Forgotten Masterpiece: The Buried Newspaper Marriage of Superman and Lois Lane

One of the drivers of interest in the Superman series when it was first starting out was the romantic triangle between Lois Lane, her would-be suitor Clark Kent, and Kent’s powerful alter-ego, Superman. While this relationship has largely been pushed to the wayside over the past 20 years or so of publishing, it was a bedrock mainstay of the series for decades, and one of the recurring aspects that kept readers–particularly more casual readers–interested for decades. And yet, it was a situation that was allowed to reach a climax, although that situation was reversed some time later. I’m talking about the legitimate and permanent marriage of Clark Kent and Lois Lane. Not a Dream, Not a Hox, Not an Imaginary Tale. The genuine article, intended to be a status quo change going forward.

The story in question played out in the daily SUPERMAN newspaper strip that was syndicated all over the country. Because it appeared in newspapers, this was the version of Superman that most casual adult readers were familiar with. At first, it’s pretty clearly set up to be simply a dream, with Clark Kent falling asleep after an evening out with Lois in which she once again refused his overtures. But Clark is awoken (or seemingly awoken) by a more receptive Lois, who is smitten with her fellow reporter and agrees to marry him. This sequence began on September 5, 1949 and the marriage between Clark and Lois would play out over the next two years in the daily strip.

The only byline that ran on these strips during this time was for Wayne Boring. But Boring was mainly handling the Sunday strips, which ran a separate continuity from the dailys. So most of these strips were drawn instead by Win Mortimer. Alvin Schwartz was the primary writer of the strip at this point, and so he doubtless was responsible for this storyline going forward. As I mentioned at the outset, this was clearly intended to be just a passing storyline, a dream that Clark is having after his unsuccessful date. But that set-up is forgotten along the way as a strange thing happens: after a few years of declining interest, suddenly attention is being paid to the strip once again. This was the era in which the wedding of Al Capp’s L’il Abner was a major news story, and it seems as though this sequence prompted a few news stories and got the strip picked up by a number of additional papers.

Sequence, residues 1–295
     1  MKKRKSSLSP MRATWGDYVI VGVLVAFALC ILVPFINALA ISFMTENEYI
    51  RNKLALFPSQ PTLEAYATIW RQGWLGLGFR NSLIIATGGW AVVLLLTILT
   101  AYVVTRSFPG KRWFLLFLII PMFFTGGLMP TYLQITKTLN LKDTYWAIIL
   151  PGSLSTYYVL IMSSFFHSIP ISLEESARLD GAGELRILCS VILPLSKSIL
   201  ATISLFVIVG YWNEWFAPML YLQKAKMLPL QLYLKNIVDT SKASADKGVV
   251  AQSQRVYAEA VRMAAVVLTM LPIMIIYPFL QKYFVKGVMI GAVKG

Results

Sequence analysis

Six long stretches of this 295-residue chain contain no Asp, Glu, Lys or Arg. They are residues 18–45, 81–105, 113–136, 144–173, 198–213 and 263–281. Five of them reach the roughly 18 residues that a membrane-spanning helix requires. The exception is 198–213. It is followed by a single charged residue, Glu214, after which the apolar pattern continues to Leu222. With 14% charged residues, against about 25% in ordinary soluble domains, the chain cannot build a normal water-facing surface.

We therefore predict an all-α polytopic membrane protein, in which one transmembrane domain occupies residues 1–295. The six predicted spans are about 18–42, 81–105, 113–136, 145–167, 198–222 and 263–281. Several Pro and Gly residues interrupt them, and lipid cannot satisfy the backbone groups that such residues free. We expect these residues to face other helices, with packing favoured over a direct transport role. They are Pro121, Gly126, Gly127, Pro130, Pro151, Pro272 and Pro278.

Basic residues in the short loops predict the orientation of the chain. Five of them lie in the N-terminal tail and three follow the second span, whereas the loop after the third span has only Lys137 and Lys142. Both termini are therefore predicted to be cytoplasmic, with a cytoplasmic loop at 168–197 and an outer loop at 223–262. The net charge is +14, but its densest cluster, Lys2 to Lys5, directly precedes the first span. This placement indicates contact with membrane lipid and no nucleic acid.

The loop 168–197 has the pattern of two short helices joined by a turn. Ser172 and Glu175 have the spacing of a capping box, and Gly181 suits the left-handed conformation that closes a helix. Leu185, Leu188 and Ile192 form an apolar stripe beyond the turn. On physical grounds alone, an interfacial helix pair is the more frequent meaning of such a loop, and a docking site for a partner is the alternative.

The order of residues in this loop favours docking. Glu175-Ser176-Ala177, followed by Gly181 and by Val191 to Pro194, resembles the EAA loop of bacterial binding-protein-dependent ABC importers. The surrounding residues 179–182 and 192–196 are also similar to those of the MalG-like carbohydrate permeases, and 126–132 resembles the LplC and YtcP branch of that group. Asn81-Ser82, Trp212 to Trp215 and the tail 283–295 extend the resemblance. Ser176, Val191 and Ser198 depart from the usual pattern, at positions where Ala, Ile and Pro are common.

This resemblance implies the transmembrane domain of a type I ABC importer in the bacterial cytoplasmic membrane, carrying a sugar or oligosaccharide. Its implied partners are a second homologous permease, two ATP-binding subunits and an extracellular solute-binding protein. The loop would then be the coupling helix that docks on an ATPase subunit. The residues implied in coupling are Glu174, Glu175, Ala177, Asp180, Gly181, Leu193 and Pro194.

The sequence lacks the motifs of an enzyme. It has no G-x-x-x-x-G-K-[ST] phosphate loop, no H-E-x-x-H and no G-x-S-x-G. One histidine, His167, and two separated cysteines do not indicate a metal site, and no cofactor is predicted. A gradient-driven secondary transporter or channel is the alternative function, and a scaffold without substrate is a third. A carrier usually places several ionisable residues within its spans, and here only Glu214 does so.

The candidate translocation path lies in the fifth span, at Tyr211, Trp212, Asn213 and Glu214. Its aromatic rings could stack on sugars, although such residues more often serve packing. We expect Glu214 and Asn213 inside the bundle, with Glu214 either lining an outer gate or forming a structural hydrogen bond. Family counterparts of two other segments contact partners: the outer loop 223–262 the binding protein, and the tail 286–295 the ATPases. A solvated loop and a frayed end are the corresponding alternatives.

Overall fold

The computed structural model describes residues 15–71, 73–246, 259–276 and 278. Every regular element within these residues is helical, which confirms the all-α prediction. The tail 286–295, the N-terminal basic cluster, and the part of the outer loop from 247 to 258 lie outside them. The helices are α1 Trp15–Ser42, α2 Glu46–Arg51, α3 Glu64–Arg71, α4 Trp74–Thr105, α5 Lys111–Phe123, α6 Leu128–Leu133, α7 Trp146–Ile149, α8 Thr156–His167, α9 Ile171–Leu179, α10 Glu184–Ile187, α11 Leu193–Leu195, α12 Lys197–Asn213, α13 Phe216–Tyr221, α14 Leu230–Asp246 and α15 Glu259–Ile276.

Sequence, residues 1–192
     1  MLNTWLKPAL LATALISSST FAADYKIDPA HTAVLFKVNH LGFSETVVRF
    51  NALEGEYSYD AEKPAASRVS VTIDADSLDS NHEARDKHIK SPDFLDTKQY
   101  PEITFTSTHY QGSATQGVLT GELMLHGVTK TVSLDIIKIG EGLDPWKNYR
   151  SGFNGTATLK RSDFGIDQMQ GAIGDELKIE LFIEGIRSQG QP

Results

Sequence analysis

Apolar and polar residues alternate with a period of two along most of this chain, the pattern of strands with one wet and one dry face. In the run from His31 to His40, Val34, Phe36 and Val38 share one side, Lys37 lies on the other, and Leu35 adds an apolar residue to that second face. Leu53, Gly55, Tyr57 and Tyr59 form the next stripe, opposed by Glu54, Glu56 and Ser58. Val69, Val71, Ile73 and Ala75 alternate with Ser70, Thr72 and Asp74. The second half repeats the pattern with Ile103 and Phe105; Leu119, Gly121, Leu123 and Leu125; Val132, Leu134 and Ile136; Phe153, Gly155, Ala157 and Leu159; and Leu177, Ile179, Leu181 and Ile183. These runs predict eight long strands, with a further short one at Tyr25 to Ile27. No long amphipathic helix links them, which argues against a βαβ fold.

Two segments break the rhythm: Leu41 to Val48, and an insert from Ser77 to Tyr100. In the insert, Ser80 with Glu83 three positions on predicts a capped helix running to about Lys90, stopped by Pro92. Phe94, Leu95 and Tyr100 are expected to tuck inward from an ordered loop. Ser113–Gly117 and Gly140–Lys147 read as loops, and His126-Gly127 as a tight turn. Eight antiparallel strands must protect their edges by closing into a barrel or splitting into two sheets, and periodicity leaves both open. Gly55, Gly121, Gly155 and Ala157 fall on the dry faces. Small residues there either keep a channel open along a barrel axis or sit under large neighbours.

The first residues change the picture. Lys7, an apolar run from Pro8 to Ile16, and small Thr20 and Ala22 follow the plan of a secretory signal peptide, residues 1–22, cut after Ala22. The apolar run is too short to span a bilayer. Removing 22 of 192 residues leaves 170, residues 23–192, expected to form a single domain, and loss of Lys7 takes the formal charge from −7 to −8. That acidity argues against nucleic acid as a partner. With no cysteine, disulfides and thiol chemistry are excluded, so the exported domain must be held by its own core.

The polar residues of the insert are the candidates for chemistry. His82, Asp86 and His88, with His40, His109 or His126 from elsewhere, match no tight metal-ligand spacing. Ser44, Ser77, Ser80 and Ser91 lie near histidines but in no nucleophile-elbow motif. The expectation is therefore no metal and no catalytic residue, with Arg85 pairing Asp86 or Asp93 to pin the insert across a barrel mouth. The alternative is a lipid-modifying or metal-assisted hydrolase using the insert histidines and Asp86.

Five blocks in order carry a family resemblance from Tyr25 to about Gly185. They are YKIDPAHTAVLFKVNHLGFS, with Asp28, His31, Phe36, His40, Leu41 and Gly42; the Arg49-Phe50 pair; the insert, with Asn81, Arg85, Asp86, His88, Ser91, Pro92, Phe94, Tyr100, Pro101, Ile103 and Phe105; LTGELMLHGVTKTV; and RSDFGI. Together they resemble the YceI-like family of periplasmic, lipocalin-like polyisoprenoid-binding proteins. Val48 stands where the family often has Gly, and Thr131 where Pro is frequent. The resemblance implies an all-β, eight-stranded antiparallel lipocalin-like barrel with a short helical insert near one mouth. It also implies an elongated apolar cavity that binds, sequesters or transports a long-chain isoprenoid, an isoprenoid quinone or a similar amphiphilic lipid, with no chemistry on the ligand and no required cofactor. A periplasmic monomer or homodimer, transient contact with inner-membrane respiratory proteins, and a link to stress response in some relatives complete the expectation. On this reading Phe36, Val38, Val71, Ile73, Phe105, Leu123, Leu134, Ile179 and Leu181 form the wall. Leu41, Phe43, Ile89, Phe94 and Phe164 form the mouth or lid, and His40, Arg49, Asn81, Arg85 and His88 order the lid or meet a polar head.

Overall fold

And so, the end point of the sequence is never reached, and Clark falling asleep after being rejected is completely forgotten about. For a month or two, various forces–including Luthor–attempt to prevent the wedding from taking place. But it does, on December 20, 1949! And the marriage isn’t eliminated or annulled. Rather, it is worked into the continuity of the series. Despite being married, Clark hasn’t come clean about his true identity as Superman, so most stories play out along familiar lines. Though this does cast some doubt as to the depth of the Kent-Lane relationship, if Clark isn’t willing to let his wife in on the secret of his actual identity for literally years. (They also sleep in separate beds, though this was a sop to the mores of the time. There’s really no question that Clark is getting some.)

Incidentally, this post-wedding sequence in which Lois attempts to prove that Clark is really Superman by shooting at him with a gun loaded with blanks was adapted by Richard Donner for the second SUPERMAN film, but left on the cutting room floor when control of that picture was given over to Richard Lester.

Anyway, Clark Kent and Lois Lane were married through 1952–but only in the daily strip, which focused heavily on their married exploits (including at one point them starting a morning radio show called “Koffee with the Kents.” Lois’ habitual liar niece Suzie also makes a series of return appearances, forcing Clark to go to extreme lengths to protect his true identity from his wife, really for no good reason.

Eventually. a decision was made to get rid of the marriage. It wasn’t being reflected in any other Superman media, in particular the live action ADVENTURES OF SUPERMAN television program that was then being filmed. It seems that this decision was made over Schwartz’s head, as he was replaced as the writer for the strip temporarily, and it was Jack Schiff who wrote the sequence in which we learn that the past two and a half years have all been a projection set up in Superman’s mind by nefarious aliens for their own purposes. Possibly I’ll take a closer look at that sequence in the days ahead.

5 thoughts on “Forgotten Masterpiece: The Buried Newspaper Marriage of Superman and Lois Lane

  1. that “Koffee With the Kents” morning radio show was likely a nod to the radio show that journalist Dorothy Kilgallen did every morning with her then-husband, radio actor Dick Kollmar. I forget what the name of the show was, but it was huge, as was everything about Kilgallen.

    later on, Kollmar was outed as a homosexual, and later still, Kilgallen met her death under extremely mysterious circumstances. in the opinion of many, she was rubbed out because she was getting too close to revealing the conspiracy behind the JFK assassination.

    fascinating essay, Tom. after sixty years as a reader, and 45 in the industry, I have never, ever heard of this.

    Liked by 1 person

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